Employers who want the best for their employees might face challenges when it comes to encouraging people to actually go to psychotherapy. As much as we hate to admit it, but we are all typically very resistant to change and equally worried about what our social circles might think of us. And even though we are making progress when it comes to destigmatizing mental health, it is still an issue. 

In addition, employers need to overcome the following obstacles:

  • Reassuring employees that psychotherapy is a part of their benefits package and that the company has no “hidden agenda”
  • Explaining that everything that employees say in sessions stays between them and the therapist, and that they are free to discuss non-work-related topics as well
  • Educating about what in-house therapist does
  • Implementing this in the right way
  • Mental health is not recognized as an important segment of medicare

It is well known that therapy is not likely to work if a person doesn’t want to work on themselves or is forced to go. This is why introducing psychotherapy as an employee benefit requires change management and creating a safe environment for everyone. 

Here’s how we managed to implement this in our own company.

Creating a safety net for employees

Private therapy session for employees

At Inviggo, we introduced in-house psychotherapy as a benefit while respecting three main principles:

  • Psychotherapy is of course optional and available to employees two times per month (duration of one session is one hour)
  • Therapy sessions are strictly confidential 
  • The management team is not notified about who’s going to therapy

This way, employees have a safety net they can rely on and are also encouraged to discuss what’s on their minds with a professional in order to feel better. 

Therapists have an ethical obligation to conduct sessions in complete confidentiality. What’s specific about in-house therapy within a work setting is the fact that the therapist is also a co-worker.

This adds an extra layer of complexity to a standard relationship between a therapist and their client, but it also has its pros. People can feel more comfortable with confiding if it’s a familiar face they are conversing with.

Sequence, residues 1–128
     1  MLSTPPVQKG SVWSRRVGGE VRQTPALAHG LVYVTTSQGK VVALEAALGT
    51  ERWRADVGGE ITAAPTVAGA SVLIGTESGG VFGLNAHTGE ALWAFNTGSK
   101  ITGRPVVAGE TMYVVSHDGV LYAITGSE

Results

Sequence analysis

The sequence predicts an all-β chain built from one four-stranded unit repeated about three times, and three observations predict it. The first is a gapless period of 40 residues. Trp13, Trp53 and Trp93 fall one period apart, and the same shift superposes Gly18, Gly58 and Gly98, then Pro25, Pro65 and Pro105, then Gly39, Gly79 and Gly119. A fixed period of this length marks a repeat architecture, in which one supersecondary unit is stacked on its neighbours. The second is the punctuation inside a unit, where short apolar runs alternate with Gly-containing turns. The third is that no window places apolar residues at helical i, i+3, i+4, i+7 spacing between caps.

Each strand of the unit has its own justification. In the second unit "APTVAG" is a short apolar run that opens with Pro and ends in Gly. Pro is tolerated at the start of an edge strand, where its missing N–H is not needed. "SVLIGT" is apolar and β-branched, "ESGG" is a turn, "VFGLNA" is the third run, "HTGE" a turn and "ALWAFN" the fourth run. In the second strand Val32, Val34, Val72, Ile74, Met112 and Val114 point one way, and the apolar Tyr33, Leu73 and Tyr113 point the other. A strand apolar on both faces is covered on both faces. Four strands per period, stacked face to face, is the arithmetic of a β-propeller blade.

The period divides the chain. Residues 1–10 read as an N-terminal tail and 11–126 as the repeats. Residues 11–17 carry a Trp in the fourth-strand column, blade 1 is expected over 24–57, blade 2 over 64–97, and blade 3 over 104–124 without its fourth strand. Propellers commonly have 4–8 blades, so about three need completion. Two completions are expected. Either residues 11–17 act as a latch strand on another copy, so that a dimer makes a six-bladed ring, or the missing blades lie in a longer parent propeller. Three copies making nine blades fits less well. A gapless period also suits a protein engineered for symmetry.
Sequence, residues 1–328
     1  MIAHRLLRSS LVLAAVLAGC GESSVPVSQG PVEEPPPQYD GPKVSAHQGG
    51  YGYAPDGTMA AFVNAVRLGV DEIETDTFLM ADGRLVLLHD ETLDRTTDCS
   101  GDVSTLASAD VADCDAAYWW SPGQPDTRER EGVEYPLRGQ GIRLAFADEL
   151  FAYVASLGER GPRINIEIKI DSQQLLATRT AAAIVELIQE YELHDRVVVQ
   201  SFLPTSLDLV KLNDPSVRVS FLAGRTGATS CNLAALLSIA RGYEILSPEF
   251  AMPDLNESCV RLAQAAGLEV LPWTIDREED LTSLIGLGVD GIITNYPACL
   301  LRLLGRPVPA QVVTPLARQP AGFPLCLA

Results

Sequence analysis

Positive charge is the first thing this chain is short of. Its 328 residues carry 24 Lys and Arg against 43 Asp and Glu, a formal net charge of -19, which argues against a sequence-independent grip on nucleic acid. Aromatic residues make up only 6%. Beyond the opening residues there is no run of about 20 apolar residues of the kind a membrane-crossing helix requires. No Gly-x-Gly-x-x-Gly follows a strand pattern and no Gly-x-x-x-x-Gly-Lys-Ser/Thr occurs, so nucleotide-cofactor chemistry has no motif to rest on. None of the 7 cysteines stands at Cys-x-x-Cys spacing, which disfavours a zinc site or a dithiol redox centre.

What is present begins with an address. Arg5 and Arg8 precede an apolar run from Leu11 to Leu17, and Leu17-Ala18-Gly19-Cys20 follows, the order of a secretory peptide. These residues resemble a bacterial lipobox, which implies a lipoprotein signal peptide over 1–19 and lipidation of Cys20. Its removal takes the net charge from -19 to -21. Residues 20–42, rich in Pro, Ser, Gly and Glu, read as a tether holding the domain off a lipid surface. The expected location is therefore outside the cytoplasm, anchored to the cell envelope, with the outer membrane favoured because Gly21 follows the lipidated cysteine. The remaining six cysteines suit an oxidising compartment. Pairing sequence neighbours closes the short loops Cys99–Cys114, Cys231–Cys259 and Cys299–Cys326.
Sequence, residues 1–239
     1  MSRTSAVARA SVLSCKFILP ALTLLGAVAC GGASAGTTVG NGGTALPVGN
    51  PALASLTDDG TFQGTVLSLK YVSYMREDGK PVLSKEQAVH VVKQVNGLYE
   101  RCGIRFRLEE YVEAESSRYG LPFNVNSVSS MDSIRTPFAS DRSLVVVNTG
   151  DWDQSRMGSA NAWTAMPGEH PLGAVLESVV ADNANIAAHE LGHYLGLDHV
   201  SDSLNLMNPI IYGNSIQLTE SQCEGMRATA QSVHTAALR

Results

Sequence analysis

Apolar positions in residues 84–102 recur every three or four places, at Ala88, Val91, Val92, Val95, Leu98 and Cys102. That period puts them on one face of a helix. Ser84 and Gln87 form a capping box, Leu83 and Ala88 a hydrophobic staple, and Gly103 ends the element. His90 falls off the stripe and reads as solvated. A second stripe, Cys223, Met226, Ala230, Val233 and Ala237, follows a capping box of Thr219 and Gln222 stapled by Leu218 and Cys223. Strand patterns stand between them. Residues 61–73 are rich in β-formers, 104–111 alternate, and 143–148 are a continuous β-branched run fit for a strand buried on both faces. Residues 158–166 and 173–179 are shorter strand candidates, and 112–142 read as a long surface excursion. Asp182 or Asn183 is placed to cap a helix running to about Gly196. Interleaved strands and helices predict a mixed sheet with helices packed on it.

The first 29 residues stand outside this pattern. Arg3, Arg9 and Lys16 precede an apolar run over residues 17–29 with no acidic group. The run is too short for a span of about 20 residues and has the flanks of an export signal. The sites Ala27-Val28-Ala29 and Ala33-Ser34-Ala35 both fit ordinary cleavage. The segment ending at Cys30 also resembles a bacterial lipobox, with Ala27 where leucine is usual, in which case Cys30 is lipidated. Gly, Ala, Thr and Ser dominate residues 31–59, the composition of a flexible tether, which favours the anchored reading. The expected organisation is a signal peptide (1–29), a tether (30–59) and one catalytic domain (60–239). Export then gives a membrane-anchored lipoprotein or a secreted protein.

Educating employees about the sacred therapist-client relationship can help them feel more at ease to book a session when they need to. In addition, it’s good to underline to the employees that they are in full control and can determine the agreement and dynamic with their therapist. Nobody else, especially not the management team, will have any sort of influence there. 

Final thoughts: addressing mental health in a work environment 

Talking about disrupted mental health is no longer as big of a taboo as it once was. This has a lot to do with the outbreak of the pandemic as well.

The pandemic has pushed us outside of our routines. We have become hyper attentive, heightened, more vulnerable, and more aware of the importance of building resilience together. But what does this mean for the new work environments?

Although it might seem blunt to frame it this way, there is a certain silver lining to everything that’s been happening with COVID-19.

Firstly, we globally rearranged priorities and set aside our differences to unite against the spreading of the virus. There’s hardly anything that unites people more than a common enemy and shared misfortune.

Secondly, we shook off the logical fallacy of argumentum ad traditionem and learned that, just because we’ve been doing something in a certain way in the past, it doesn’t mean we should continue doing it.

Challenging outdated practices and humanizing our work environments is the first step towards a healthier society. We all spend a huge chunk of our time at our jobs, but we should acknowledge employees as team members and responsibly design a workplace that helps them grow, both professionally and personally. At Inviggo, we feel that having an in-house psychotherapist is making a huge difference.